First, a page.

OFFICE SPECIAL COMMISSIONER,
Camp Chase, Columbus, Ohio, April 4, 1865.
General WILLIAM HOFFMAN:
SIR: Your letter of the 29th ultimo informing me that Lewis H. Baker, whose case was embraced in my report Numbers 1898, has not been discharged, is before me. It is obvious that the special design of your communication is to inform me that I am not to report upon the case of any military prisoner unles the same has been specially referred to me by the War Department; that I am not expected to take any personal interest in matters brought before me, and that my special duty is merely to reports facts without the conclusions of my judgment. The intimation that I have exhibited a personal interest is founded, I presume, from the tenor of your letter, upon some note or letter written to the brother of the said Lewis H. Baker. I have no recollection of having uttered any such writing, nor can I recall any knowledge of any correspondence with any manof that name. I specially request that you will furnish me with the writing, that I may identify it and know that it is the work of my men. The writing shall be returned to you. If this request is not consistent with rule or precedent will you be pleased to preserve it for my inspection, as it is my purpose to visit Washington during the present month. I am quite certain that I have no personal interest in Lewis H. Baker, or any member of his family, and am conscious of no motive why I should have entertained a favorable consideration of him or his case. If by personal interst is meant a wish for the release of one whom I esteem, after a full andimpartial examination, to be meritorious and cordially loyal, or sympathy with the anxieties and efforts of relatives who are known or accredited to be truly loyal, or advice to any applicant as to the kind and amount of showing or testimony which may be needed to establish the fact of loyaltyor innocence of charges preferred, I acknowledge that I possess it. If, however, by this phrase is meant partiality, prepossession, or prejudice, inconsistent with justice, self-respect, respect for the powers that be, or the staunchest loyalty, I repudiate the imputation and will afford you an opportunity at my contemplated visit of sustaining the expression or insinuation.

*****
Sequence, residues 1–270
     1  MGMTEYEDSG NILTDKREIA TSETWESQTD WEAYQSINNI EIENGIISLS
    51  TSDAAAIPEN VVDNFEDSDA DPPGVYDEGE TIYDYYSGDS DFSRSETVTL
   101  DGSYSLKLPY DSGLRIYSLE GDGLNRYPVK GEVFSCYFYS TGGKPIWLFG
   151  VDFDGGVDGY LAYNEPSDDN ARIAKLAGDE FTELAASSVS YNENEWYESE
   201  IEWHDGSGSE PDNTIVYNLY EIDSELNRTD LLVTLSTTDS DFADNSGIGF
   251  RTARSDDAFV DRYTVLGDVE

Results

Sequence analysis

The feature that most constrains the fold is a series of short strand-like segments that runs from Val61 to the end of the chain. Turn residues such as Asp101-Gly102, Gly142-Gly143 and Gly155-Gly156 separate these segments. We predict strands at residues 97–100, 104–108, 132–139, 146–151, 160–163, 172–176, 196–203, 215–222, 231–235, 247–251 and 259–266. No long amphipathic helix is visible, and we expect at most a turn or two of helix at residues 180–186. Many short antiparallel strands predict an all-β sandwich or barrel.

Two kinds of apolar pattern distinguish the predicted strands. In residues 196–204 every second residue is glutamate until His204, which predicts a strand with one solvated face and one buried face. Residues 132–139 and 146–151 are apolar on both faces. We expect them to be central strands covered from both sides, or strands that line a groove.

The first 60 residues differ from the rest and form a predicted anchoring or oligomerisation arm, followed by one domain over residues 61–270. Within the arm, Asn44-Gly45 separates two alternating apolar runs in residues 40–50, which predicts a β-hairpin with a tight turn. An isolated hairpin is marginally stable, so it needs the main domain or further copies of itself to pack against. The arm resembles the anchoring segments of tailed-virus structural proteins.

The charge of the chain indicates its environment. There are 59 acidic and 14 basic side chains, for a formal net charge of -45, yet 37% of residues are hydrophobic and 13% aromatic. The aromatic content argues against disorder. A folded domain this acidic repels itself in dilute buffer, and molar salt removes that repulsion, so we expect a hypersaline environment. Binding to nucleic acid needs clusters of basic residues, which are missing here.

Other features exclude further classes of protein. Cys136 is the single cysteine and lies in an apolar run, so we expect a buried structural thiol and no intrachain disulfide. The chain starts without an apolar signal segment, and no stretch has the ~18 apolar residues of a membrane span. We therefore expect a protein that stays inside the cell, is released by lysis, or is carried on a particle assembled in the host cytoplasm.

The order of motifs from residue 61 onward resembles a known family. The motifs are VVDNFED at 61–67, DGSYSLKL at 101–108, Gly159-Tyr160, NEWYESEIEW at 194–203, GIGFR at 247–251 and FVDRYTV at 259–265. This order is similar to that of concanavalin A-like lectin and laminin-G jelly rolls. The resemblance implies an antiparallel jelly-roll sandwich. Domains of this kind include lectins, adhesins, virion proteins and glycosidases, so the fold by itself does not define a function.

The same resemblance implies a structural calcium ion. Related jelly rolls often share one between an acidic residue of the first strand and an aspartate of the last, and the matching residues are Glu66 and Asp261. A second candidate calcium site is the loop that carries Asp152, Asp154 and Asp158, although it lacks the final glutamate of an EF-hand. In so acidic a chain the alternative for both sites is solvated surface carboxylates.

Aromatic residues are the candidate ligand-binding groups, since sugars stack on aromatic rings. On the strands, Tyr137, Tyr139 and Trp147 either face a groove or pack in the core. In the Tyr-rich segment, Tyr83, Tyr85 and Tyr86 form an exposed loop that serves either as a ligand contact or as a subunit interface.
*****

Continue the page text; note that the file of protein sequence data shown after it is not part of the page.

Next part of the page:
The position which I occupy, at any other than war times, would alike be undesirable and intolerable. But for the earnest solicitation of the Governor of this State, and the conviction that I could be more useful to the country in its calamities in this than in any other capacity, I would not have submitted to the sacrifices which I have made of comfort and profit in my profession. Notwithstanding the implication of your letter that cases have been examined without authority, I am not aware that any has been investigated without the request and reference of some branch of the War Department, excepting at the request of the Governor of West Virginia and the President of the United States; and here it is appropriate to state that, but for the expressed wishes and earnest encouragement and advice of President Lincoln, I would in November last have abandoned the place, notwithstanding the conviction that by doing so very many persecuted men, victims of rebel oppression, would have their cases unrepresented. It is matter of great gratification to me that I have been humbly instrumental, by reporting their condition, in securing the release of hundreds of truly loyal men, most of whom are now in Ohio in homes and occupations (obtained partly by my aid), and are vindicating and illustrating the justice and humanity of the Government by their loyal and law-abiding conduct. As to the instruction that I am not expected to give my judgment in the form of recommendation in any case, I